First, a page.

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Topic: Mid 20's, Layers and jacket or coat too?< Next Oldest | Next Newest >
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KC8QVO Search for posts by this member.

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PostIcon Posted on: Jan. 17 2013, 10:44 pm  Skip to the next post in this topic. Ignore posts   QUOTE

I'm trying to decide if I want to take my down coat this weekend... supposed to be in the mid 20's at night. Its either that or layer up long johns, a fleece jacket, and my wind breaker/rain coat while in camp. I think that will work OK, but if the weather man is off and the bottom falls out I'll be screwed. The day temp on day 1 is 50+ with a lot of wind, then dropping to 25 over night, and up to 30 the next day.

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PostIcon Posted on: Jan. 17 2013, 11:32 pm Skip to the previous post in this topic. Skip to the next post in this topic. Ignore posts   QUOTE

How thick is the down?  I often wear a Patagonia Micropuff, which is warmer than fleece, but not in the same category as my down jacket.  Fleece with a good base layer and rain jacket would be almost enough for me in dry air, but not if it's damp.

EDIT: I wouldn't rely much on how people answer this.  If you're unsure, start with too much.
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PostIcon Posted on: Jan. 18 2013, 12:04 am Skip to the previous post in this topic. Skip to the next post in this topic. Ignore posts   QUOTE

Depends on your other layers, which fleece, and which down jacket you're talking about. You didn't give any detail. Are you wearing the fleece during the day?
At those temps I can't hike in a fleece, and use a light baselayer with an OR Ferrosi jacket. For insulation when inactive, I always take down instead of fleece. My down jacket and Patagonia R2 weigh the same, but the down is warmer and packs smaller.
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PostIcon Posted on: Jan. 18 2013, 6:36 am Skip to the previous post in this topic. Skip to the next post in this topic. Ignore posts   QUOTE

I think it really depends on the down jacket you own.  I've got a couple down layers that weigh almost nothing.  I wouldn't blink an eye to pack them... even if I felt it might be overkill.  If you're down jacket is super light and super compactable throw it in and have the peace-of-mind knowing it's there if you need it.  

You're very right about the weather man possibly being off!  Also, depending on where you're hiking the temperature could vary by several degrees.  I've been camping a lot down in the hollows of eastern Kentucky (hollers if you're from that area) and the temperature has been 5 to 10 degrees cooler than the surrounding higher elevations.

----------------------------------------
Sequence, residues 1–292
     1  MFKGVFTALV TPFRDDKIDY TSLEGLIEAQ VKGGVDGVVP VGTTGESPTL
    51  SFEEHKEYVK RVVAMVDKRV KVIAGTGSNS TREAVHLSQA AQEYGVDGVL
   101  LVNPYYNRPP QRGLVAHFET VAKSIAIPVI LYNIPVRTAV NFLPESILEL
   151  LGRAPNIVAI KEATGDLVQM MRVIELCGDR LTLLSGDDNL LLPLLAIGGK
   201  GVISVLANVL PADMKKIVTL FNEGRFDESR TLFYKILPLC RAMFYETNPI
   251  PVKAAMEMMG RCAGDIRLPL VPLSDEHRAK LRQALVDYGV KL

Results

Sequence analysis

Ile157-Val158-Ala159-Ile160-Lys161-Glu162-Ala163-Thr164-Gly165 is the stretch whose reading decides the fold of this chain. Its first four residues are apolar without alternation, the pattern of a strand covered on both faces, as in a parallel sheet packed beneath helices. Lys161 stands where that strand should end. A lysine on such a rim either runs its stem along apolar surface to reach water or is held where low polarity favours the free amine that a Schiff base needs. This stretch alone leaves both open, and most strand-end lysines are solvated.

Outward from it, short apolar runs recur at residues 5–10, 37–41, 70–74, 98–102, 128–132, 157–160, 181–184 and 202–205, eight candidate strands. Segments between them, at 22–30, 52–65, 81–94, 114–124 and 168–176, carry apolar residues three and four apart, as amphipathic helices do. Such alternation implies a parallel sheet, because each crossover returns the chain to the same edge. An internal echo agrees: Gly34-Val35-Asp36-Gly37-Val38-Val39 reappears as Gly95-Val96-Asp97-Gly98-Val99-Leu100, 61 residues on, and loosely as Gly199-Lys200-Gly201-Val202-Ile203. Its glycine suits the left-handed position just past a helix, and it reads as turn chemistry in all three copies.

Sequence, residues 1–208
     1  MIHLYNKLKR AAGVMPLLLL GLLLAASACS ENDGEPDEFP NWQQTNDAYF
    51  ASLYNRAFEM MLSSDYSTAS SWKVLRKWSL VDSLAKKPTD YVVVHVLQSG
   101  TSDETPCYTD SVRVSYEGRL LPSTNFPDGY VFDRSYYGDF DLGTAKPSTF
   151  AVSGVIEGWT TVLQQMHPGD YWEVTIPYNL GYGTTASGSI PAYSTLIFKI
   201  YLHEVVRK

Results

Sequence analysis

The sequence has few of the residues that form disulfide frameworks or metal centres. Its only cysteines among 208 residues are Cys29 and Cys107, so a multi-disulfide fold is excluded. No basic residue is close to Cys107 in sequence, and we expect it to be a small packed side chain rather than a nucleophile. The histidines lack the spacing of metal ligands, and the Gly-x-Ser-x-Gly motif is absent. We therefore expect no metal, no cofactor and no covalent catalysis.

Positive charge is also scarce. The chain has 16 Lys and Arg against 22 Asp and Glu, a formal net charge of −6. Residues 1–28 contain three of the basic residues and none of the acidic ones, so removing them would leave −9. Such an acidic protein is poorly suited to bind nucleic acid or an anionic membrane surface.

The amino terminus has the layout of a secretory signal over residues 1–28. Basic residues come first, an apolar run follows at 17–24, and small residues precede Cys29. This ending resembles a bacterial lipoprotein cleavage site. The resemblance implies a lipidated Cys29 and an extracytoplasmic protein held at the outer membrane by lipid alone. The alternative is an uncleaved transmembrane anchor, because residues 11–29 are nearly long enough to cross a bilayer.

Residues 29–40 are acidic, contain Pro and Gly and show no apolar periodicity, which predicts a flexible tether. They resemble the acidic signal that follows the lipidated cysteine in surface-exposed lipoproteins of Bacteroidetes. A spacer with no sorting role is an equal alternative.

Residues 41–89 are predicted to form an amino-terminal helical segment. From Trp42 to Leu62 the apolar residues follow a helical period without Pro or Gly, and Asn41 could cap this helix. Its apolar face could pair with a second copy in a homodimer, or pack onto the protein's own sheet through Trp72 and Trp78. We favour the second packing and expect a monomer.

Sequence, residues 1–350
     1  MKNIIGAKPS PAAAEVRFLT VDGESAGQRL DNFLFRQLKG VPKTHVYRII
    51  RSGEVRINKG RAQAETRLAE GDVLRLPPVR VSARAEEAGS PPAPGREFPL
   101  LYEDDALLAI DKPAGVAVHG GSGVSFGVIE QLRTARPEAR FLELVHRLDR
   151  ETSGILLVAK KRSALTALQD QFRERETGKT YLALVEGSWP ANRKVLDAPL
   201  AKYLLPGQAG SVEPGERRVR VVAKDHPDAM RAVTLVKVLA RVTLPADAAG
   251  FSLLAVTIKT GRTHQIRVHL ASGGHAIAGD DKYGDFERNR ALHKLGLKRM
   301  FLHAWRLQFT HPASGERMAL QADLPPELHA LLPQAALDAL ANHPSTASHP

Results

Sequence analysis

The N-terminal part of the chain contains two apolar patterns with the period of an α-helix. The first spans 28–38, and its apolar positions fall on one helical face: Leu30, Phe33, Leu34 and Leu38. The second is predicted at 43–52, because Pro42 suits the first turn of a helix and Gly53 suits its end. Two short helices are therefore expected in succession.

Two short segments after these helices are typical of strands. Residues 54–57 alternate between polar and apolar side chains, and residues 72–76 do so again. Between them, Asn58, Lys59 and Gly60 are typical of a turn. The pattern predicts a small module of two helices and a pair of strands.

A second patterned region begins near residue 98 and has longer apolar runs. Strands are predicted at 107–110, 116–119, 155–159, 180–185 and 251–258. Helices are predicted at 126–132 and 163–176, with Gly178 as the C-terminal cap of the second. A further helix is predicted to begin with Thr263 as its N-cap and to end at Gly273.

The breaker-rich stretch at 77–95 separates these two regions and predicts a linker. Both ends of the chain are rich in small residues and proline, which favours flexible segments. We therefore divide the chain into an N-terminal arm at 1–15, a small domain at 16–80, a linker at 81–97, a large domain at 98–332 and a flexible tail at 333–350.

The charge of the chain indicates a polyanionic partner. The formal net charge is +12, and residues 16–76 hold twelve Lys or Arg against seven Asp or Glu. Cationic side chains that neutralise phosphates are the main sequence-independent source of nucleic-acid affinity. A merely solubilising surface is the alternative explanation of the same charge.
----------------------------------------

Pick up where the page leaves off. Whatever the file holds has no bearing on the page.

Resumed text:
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PostIcon Posted on: Jan. 18 2013, 8:56 am Skip to the previous post in this topic. Skip to the next post in this topic. Ignore posts   QUOTE

When I was in my mid 20s I was a lot hotter than I am now Thirty years later  Diabetic and BP meds. I always error on the side of warmth. You cant wear what ya dont got.

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PostIcon Posted on: Jan. 18 2013, 9:43 am Skip to the previous post in this topic. Skip to the next post in this topic. Ignore posts   QUOTE

I'm with big_Load. I would much rather carry some extra weight than go without enough warmth on a cold hiking trip.
Extra weight is worth evading the risk of being miserable, or even hypothermia.
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PostIcon Posted on: Jan. 18 2013, 11:13 am Skip to the previous post in this topic. Skip to the next post in this topic. Ignore posts   QUOTE


(big_load @ Jan. 17 2013, 8:32 pm)
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EDIT: I wouldn't rely much on how people answer this.  If you're unsure, start with too much.

+1

If I expect anything below freezing...and anything within 10 degrees of it, I bring my down jacket which I've been plenty comfortable in down to 0 and below. I can always unzip but it's hard to get warm you simply don't have enough clothing/layers.


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PostIcon Posted on: Jan. 18 2013, 6:56 pm Skip to the previous post in this topic. Skip to the next post in this topic. Ignore posts   QUOTE

The coat is a MH Subzero parka (I think). It isn't any joke of a coat = like wearing a sleeping bag. It isn't super heavy, but I'd like to avoid it if I can. It is another 1.5lbs or so + bulk.  

I don't hike in my fleece unless it is really cold. I wear synthetic shirts. The one I am wearing this trip is like a long sleeve baselayer upper, but more slick/smooth than normal baselayer fabric. When hiking I'm good in it to freezing if the wind isn't much. If the wind is blowing I'll throw my wind breaker/rain coat over top with some venting. Down to 0deg I'll throw my fleece on somewhere in between there and freezing. I can't layer up too much because I'll over-heat, but when I stop moving I have to have something more substantial to throw on = my down parka.

I have 2 baselayer sets packed. For uppers that should be enough with my fleece and jacket over top to get me in to the 20's, but below that I'm not sure.